How to Store Your Barbell to Avoid Damage

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There has been debate over the years on whether storing your bar in a “vertical” bar rack, with either end pointed toward the floor and ceiling, is bad for the bar, and whether it’s necessary or prudent to store bars in a horizontal rack instead, similar to a gun rack.

Needle Bearing Bars

Needle Bearings in a Barbell Sleeve

Needle Bearings in a Barbell Sleeve

As far as bars with bearings in the sleeves, which are usually only high-end bars for olympic weightlifters who need the most sensitive spin, I advise against storing them in a vertical bar holder. The reason is the needle bearings can be damaged by that kind of shock applied to the bearings when you drop it into the holder. Even heavy drops with bumper plates don’t damage the bearings, because they are oriented in a way that the load in that direction is fine, but they just can’t be dropped directly on one end, and you’re going to be in for a replacement if you test this out too much.

However, most gyms do not have needle bearing bars unless it’s a gym that specifically caters to serious olympic lifters. You can tell it’s a needle bearing bar because the sleeve will start spinning at the lightest touch and continue spinning much longer than the much higher friction bushing bars.

Usually gyms that cater to olympic lifters aren’t prolific with the mirrors that bodybuilders want, so a wall rack to hold bars horizontally can easily find a spot in such a gym.

Bushing Bars

With any high quality bar with bushings in the sleeves you should be safer storing it vertically. There is still some potential for damage, as there are parts such as snap rings inside the bar that won’t really like being smashed. Many gyms only have vertical bar storage and don’t seem to have any issues.

You can drop a rubber pad inside the base of the holder to soften the impact and mitigate the potential for damage.

Non-Sleeved Bars

For hex deadlift bars and any other bars that do not have rotating sleeves, vertical bar storage isn’t an issue. There are no moving parts or oil to worry about.

Oil Accumulation

There is potential for the lubricating oil inside the sleeves to accumulate at one end of each sleeve when you store it vertically. The oil may also “pool” somewhat when it’s stored horizontally, but this isn’t an issue because once you spin the sleeve the oil is evenly distributed again.

In reality this is hard to confirm. A lot of newer bars have the oil pretty well sealed in or just don’t seem to have an issue with being stored vertically. If the worst happens and you notice some oil dripping down the shaft the next day, don’t do it again (and maybe think about getting a better bar).

Side Note – Adding More Oil: If you feel like the sleeves lost some oil by storing it vertically, or it has just gotten to the point where you feel like it’s spinning pretty roughly, stick it in a vertical bar holder and drip a few drops of oil down the shaft where it will drip down into the sleeve overnight. Spin the sleeve in the morning to distribute the oil. Flip it over and repeat for the other side the next day. For recommended oils and other tips, see Olympic Bar Maintenance.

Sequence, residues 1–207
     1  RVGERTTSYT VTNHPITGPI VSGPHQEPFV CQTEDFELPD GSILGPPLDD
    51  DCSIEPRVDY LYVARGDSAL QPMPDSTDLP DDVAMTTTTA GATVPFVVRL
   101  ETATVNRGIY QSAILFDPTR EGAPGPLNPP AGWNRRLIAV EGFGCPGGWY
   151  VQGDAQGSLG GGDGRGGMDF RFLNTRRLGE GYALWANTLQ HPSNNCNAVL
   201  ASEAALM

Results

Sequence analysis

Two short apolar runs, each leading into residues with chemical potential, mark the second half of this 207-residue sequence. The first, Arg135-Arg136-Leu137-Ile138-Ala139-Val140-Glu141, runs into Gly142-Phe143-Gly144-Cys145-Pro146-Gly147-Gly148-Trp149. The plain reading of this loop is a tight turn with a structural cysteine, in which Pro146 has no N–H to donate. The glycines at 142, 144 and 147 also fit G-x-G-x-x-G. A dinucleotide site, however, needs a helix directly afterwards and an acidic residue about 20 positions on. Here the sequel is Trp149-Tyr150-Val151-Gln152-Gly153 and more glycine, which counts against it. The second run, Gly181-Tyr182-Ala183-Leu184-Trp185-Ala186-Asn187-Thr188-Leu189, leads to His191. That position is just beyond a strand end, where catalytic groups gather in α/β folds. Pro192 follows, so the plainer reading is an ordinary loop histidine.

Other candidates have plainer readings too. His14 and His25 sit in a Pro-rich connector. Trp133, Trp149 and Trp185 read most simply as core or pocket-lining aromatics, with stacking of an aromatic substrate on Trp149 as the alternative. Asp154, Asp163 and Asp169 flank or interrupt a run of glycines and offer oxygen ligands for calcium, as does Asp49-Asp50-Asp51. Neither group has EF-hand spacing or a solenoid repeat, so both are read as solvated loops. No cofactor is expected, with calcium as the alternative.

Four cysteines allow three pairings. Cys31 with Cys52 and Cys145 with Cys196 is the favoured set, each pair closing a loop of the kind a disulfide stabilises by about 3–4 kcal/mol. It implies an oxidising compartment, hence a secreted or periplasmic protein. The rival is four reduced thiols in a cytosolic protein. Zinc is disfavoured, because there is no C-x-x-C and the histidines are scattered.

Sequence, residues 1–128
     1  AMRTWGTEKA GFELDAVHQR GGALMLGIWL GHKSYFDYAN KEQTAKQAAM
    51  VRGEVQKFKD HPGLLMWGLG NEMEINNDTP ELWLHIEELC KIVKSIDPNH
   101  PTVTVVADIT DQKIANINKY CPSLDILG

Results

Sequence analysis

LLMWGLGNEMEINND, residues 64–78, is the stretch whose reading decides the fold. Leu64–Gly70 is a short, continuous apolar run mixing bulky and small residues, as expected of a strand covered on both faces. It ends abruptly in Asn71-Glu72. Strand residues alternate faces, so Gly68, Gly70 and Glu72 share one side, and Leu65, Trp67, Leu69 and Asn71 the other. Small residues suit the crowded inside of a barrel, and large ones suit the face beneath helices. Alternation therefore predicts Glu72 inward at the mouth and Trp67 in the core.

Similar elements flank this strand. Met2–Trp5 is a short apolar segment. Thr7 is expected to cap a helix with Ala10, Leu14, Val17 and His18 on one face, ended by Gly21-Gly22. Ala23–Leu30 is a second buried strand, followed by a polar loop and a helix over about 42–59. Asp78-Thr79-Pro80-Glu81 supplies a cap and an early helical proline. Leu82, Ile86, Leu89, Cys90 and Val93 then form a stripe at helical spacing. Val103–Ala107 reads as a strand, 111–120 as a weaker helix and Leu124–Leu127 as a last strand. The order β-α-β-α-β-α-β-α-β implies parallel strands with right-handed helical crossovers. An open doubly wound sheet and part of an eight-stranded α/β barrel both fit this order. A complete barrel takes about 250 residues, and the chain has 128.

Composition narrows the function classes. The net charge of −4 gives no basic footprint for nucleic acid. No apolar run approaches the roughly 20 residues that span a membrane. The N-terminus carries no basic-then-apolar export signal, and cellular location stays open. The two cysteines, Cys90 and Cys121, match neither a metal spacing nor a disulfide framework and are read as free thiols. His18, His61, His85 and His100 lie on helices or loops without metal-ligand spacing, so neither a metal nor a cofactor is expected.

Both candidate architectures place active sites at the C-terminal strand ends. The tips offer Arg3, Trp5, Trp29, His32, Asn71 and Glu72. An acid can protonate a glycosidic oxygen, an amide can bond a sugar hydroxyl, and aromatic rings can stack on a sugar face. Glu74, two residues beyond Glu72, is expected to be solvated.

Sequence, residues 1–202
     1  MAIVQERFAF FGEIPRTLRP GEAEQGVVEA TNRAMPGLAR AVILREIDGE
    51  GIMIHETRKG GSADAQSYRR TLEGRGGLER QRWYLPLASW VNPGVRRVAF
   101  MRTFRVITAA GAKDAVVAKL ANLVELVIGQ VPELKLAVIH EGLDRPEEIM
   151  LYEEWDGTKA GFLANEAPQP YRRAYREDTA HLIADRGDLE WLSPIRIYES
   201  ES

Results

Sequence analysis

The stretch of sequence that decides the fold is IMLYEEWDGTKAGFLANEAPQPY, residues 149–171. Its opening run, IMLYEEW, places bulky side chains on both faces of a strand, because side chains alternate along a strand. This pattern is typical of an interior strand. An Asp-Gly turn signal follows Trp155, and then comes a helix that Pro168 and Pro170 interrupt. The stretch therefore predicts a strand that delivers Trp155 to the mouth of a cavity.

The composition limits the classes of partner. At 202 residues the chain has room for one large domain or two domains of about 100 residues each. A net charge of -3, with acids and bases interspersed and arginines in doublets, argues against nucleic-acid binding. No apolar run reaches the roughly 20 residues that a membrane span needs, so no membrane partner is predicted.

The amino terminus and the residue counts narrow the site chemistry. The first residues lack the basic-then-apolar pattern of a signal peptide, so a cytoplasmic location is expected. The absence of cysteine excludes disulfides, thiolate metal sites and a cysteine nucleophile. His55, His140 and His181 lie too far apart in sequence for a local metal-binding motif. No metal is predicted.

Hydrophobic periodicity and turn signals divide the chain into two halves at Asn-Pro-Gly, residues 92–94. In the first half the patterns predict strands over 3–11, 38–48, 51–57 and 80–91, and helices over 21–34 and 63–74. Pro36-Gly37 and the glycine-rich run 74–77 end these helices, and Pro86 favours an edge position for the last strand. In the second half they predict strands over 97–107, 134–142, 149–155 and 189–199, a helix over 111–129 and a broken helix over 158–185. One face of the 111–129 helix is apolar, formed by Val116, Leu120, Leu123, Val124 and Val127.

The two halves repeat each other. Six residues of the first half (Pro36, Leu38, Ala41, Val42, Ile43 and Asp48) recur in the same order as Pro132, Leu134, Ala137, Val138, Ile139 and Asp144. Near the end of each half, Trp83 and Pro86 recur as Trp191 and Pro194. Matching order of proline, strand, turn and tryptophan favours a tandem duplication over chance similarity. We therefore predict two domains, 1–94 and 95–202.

Scratches

6 Barbell Holder

This 9-bar holder comes with PVC inserts to protect the bar

It can be mostly a cosmetic issue, but sticking a bar into a steel pipe is asking for surface damage on the sleeves. This might not be too bad, since iron weight plates can scratch it up pretty good as well.

Some vertical bar holders like this 9-bar holder have PVC or some other material to avoid the scratching and annoying noise.

Leaving the Bar Loaded

Loaded BarLeaving a bar fully loaded on the rack isn’t a good idea long-term. A short time won’t hurt any high quality bar, but the longer it sits flexed in one position, the more stress is on it, and the more likely it will develop a permanent bend. But if it’s only a small amount of weight, ie: less than it takes to flex the bar even a miniscule amount, there’s much less risk of damage.

This is one reason it’s good practice to unload the bar when you’re done working out… The other reason being it’s pretty much a mandatory courtesy in multi-user environments. Some folks can’t lift those 45lb plates easily, so be considerate!

The Best Way – Horizontal Storage

And finally after going over all the mistakes you could make, we get to the best way to store your bars.

To avoid the above possible issues, store your bars in a horizontal rack. You can be extremely space efficient with an 8ft wide section of wall, storing all your 7ft and smaller bars on the rack from the floor to the ceiling. Some racks such as the one below are short but can be stacked 2-high to hold 8 bars, as long as you don’t mind the top one being 8ft high and needing a tall person to reach it.

Rogue’s 3 bar “gun rack”

 

 

Also don’t miss out on our collection of the best articles on barbells.

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